Overall, despite the small number of patients and lack of a control group, this study illustrates a promising approach to treating type 1diabetes in cases where it is caught early enough and patients are willing to accept the adverse effects of treatment. Randomised trials to test the new treatment against current care in a larger group of patients will help establish whether this is truly a ‘cure for diabetes’ or simply a way of prolonging insulin production by a few years.
06-21-10, 08:32 PM #5
Yes, I am well aware of potential stem cell therapies for treating diabetes mellitus. But.....
(i) they are very much trial therapies that are not in routine clinical use
(ii) the delivery of the therapy involves transplantation of cells into the pancreas, not as a cream
(iii) re-establishment of islet cell populations in the pancreas as a result of division of transplanted stem cells and subsequent restoration of normal endogenous insulin levels would not occur in 15 days
(iv) such treatment would not reverse diabetic gangrene in a leg, especially where the leg was close to being amputated.
Your posted material has done nothing to support your original statement.
Last edited by Hercules Rockefeller; 06-21-10 at 08:38 PM.
06-22-10, 04:07 AM #6
I told this example to my friend whose mother is suffering from diabetes for last 5 years.
Her right hand second finger got wound .
The wound was not getting cured.
Kolhapur doctor told there is gangrene and finger needs to cut.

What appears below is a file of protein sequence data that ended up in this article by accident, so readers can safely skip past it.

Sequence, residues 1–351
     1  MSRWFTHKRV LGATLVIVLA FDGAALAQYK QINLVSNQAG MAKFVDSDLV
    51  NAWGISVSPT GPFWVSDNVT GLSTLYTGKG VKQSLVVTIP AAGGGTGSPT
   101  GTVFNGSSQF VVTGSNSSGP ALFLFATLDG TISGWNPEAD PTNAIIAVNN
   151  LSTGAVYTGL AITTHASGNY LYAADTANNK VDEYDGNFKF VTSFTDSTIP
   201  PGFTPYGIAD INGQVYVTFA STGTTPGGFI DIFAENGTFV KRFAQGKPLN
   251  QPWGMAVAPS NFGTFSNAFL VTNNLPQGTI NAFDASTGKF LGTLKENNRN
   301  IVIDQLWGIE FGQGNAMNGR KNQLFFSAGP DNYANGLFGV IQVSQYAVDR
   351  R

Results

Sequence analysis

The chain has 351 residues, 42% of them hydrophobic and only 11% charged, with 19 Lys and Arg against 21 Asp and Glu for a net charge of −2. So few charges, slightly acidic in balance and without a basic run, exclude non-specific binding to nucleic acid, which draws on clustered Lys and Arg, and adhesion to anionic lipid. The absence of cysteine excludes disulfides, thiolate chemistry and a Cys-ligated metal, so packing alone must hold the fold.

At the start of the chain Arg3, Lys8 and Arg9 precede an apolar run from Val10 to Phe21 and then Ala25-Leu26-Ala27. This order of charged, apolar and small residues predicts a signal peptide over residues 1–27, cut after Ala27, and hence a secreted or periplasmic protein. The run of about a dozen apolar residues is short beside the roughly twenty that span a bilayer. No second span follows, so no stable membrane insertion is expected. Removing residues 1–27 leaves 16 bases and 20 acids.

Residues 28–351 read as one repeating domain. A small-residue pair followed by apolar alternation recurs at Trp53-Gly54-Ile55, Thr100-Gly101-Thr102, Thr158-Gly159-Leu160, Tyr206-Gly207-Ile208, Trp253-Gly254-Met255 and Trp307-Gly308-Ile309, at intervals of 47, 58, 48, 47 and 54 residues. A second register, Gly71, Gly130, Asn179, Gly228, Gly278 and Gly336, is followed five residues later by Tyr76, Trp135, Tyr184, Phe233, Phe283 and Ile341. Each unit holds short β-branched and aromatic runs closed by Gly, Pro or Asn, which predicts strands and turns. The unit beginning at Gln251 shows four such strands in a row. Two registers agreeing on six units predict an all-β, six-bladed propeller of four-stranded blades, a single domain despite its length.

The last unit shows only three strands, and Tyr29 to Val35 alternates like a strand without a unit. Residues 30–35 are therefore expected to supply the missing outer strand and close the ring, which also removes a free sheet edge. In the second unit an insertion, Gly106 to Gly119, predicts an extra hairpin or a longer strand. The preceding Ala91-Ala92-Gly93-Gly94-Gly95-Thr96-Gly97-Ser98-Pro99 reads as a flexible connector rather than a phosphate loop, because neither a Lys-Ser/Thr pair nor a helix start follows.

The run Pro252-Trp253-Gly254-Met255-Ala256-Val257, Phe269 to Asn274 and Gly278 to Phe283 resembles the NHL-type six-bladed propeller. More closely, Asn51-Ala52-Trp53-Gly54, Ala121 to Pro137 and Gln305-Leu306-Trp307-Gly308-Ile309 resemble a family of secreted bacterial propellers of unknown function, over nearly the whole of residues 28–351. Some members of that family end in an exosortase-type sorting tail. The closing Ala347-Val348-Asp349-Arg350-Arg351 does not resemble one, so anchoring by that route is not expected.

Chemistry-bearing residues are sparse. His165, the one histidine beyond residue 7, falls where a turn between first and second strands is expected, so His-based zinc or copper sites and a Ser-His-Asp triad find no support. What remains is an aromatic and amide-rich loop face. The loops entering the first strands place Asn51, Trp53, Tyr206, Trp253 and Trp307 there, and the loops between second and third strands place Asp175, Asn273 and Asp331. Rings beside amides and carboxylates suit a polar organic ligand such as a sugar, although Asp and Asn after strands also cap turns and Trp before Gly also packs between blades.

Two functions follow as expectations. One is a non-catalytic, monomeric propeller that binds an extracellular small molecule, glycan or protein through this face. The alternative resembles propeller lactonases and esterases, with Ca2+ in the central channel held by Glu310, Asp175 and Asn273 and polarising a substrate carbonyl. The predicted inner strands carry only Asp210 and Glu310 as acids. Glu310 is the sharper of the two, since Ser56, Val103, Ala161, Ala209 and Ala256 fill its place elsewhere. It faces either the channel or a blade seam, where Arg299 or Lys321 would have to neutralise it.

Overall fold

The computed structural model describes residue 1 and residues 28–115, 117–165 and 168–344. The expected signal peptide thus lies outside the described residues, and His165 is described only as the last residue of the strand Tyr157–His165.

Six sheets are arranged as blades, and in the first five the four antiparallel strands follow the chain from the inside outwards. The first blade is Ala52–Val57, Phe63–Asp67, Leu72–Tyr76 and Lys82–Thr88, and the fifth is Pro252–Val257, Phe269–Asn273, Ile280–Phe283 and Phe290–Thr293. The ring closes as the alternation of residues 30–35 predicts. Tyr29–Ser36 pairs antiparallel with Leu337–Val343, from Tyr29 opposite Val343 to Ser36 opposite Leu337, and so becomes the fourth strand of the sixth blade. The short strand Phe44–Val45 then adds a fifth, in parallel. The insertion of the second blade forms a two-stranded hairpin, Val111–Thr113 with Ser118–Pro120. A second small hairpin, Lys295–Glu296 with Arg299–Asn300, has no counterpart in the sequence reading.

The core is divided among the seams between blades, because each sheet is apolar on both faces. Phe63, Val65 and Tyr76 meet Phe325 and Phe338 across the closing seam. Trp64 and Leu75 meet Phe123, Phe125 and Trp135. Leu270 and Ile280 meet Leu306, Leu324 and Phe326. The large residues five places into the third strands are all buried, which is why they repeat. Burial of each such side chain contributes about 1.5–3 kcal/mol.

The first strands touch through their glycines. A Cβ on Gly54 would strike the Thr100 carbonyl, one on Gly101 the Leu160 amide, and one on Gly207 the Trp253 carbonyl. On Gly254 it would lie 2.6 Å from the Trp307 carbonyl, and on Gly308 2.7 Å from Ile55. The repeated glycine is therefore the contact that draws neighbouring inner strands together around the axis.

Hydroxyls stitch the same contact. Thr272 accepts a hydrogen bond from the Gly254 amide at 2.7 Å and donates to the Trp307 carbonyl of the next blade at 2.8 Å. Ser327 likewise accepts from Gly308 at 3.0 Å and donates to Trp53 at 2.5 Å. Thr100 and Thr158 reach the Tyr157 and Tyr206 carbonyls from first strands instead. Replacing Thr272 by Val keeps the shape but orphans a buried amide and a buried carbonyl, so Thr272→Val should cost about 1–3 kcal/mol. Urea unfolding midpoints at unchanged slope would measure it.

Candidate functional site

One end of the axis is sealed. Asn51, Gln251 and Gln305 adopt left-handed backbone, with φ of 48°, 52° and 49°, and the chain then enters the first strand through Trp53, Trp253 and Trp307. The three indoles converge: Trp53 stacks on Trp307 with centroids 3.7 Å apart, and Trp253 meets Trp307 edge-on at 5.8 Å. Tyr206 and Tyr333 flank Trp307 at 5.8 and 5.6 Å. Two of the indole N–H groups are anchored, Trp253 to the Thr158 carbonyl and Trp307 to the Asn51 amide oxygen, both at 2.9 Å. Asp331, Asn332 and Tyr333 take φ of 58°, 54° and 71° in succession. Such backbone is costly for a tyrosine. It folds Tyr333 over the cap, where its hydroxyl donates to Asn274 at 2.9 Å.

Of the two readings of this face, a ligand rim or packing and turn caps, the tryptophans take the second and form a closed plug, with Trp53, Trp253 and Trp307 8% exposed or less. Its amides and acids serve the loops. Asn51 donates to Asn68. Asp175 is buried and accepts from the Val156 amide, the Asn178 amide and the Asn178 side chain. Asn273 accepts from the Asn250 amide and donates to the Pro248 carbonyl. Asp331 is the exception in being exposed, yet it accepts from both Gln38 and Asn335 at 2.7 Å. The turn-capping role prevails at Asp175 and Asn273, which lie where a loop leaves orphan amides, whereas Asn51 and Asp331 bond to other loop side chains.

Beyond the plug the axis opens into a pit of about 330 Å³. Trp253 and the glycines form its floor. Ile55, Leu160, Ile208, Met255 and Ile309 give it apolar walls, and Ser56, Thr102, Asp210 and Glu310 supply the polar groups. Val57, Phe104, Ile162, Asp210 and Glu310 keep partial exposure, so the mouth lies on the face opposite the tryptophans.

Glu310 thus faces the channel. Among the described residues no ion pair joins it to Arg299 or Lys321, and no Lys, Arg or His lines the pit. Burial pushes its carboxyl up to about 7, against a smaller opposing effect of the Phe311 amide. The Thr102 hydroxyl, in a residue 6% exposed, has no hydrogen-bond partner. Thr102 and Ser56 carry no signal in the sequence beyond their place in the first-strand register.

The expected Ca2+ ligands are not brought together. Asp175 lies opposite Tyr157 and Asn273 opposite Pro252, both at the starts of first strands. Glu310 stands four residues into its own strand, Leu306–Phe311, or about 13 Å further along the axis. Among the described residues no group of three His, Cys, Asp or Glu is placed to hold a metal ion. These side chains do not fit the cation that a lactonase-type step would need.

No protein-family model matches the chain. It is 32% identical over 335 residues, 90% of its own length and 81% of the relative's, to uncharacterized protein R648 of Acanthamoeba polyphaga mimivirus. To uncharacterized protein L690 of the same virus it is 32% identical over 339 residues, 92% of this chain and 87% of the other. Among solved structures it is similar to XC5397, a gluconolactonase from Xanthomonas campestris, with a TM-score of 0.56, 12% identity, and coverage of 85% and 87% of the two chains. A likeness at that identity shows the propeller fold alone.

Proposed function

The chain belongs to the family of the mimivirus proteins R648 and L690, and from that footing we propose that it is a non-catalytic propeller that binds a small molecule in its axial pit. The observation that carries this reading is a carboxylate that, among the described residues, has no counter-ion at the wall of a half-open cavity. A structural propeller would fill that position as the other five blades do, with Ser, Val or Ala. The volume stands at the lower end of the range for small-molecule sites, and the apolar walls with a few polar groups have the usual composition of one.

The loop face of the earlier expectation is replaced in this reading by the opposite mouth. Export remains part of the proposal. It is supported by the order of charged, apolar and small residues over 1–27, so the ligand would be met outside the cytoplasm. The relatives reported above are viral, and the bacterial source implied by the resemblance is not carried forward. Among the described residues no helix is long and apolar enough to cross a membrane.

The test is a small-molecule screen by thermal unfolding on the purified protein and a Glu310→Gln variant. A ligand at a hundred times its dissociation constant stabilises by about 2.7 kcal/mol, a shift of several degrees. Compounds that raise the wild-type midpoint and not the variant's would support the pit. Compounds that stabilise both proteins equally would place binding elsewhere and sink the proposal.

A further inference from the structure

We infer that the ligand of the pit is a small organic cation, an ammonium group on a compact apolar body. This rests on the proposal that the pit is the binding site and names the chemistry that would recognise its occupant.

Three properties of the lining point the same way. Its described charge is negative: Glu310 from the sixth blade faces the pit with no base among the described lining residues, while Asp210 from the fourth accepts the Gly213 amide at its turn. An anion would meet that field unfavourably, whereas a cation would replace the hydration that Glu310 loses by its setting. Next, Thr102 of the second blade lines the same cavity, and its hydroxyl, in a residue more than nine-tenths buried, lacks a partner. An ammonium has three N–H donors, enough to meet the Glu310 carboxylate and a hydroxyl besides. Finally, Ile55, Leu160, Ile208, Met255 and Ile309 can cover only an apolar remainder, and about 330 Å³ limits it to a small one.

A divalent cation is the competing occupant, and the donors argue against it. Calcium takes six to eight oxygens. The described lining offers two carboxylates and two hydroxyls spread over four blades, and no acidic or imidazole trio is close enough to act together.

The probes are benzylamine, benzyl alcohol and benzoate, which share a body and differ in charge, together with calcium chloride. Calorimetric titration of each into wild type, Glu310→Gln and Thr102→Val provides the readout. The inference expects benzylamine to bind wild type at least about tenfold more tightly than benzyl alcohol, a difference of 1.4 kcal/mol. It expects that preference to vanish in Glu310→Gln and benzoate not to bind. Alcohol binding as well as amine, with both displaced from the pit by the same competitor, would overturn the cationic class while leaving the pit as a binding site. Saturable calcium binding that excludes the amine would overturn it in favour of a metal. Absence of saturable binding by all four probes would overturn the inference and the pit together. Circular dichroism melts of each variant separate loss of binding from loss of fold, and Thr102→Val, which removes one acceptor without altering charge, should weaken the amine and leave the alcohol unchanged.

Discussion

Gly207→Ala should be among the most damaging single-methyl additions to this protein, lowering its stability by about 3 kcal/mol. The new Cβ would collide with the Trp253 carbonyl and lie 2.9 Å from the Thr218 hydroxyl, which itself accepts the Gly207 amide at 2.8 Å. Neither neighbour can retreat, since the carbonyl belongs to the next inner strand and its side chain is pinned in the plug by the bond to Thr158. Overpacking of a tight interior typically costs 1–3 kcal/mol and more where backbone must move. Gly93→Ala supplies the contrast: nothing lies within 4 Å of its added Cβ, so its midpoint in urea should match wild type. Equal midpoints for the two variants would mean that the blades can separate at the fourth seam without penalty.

I told my friend to bring his mother to Mumbai.
They visited the clinic at Andheri.
Now she has already started the treatment.
Clinic gave her 10 different medicines and cream for wound
Within two days considerable improvement in the wound is seen.
We also keep a track of sugar level daily.
Let us see the result.
As per clinic within one month she will get cured.
For details see www.space-age.com
Pls note that as per Stem Cell Therapy almost all diseases can be cured.
06-22-10, 04:45 PM #7
06-22-10, 06:35 PM #8
06-23-10, 10:17 AM #9
On a slightly different topic it's known that some drugs contain components synthesised from the metabolism of what ever it was tested on. You'll find this documented both through published medical journals and a few forcively published documents usually found on Animal Rights websites.
Afterall a pill to cure could contain a monkey liver derivative, which isn't so different as taking stem cell research to create a derivative.
06-23-10, 07:49 PM #10
06-24-10, 09:17 AM #11
06-30-10, 12:27 AM #12
Probably the Stem Cell Therapy with Nano Technology help to reactivate our existing cells
thus may have anti aging effect.
06-30-10, 12:37 AM #13
I am glad to inform that my friend's mother's finger is cured though she has diabetes and high suger level.